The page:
The Bridges of Madison County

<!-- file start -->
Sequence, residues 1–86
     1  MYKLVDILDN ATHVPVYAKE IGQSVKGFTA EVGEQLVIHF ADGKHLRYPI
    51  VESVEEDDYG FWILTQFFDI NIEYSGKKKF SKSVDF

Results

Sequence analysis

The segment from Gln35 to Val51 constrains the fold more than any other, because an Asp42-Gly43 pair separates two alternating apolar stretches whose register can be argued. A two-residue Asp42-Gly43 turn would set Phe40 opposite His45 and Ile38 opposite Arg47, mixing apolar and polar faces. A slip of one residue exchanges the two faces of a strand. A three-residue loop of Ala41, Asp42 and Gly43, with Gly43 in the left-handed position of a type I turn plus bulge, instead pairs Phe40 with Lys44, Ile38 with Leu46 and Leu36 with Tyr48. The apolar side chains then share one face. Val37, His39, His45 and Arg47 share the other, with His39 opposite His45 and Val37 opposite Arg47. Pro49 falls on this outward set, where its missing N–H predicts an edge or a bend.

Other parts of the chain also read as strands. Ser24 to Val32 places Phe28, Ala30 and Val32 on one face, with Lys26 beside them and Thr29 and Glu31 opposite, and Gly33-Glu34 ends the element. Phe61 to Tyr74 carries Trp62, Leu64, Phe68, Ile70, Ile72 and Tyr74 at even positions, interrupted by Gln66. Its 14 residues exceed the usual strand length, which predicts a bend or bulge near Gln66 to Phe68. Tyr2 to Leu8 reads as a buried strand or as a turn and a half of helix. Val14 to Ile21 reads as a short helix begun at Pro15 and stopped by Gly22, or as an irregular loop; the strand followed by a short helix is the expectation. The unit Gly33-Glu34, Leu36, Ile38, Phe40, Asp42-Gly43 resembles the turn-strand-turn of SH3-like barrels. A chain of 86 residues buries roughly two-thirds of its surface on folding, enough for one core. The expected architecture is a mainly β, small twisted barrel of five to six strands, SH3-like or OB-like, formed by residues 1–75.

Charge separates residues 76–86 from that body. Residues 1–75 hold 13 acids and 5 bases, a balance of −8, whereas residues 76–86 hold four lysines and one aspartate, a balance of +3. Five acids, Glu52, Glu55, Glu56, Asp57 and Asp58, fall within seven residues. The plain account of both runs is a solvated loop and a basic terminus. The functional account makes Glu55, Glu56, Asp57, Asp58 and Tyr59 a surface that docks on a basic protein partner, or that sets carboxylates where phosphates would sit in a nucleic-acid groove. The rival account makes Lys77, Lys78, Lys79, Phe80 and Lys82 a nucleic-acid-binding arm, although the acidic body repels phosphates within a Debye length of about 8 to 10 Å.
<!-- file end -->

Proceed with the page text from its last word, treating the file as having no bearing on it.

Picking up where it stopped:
Very basically `The Bridges of Madison County` is about a photographer, Robert Kincaid who goes to Madison County to photograph some covered bridges for National Geographic. He gets lost, meets a farm wife, Fransesca Johnson, whose family is away  and they have a torrid affair for a week, feeling all of the passion that they’ve never felt before. At the end of the week they part and return to their normal lives but never forget their one true love. So it’s kinda Boy meets girl, boy can’t have girl, boy and girl always wonder what would have been. I am a succor for  love stories and I had wanted to read this one for a long long time. But if truth be told the story was saccharine sweet candy floss romance. (I’d any day prefer love stories in Haruki Murakami..`The Norwegian Wood`, `South of the Border, West of the sun`, where the stories are more realistic n the characters feel for each other despite the weaknesses n foibles…{in Bridges…the 2 characters are painted just too good n just too perfect for each other} & my all time favorite ‘on meeting a 100% perfect girl on a Sunday afternoon’ in which romance happens even without the characters saying as much as hello…Romance after all is a feeling that flows through us…no one can tell us if we are in love…we just know it through n through.) Still….there is a melancholy mystery in the story of Robert and Francesca. What they had for those four days was a lifetime of passion and love. That’s called true love when everything you do and everything you want to do the other person is never away from it though physically the person may be miles apart. Although the couple only met and fell in love in a short four days, their love endured years of the everyday obligations of life and even went with both of them to eternity. Though the couple didn’t see each other for fourteen years after their first encounter, time did not diminish the power of their affection. + it was a breeze to read through at only 64 pages, one of the shortest books I’ve come across. Now waiting to watch the movie starring Clint Eastwood & Meryl Streep which I’ve heard is better than the book. (Lets see ‘cos mostly I prefer books to movies)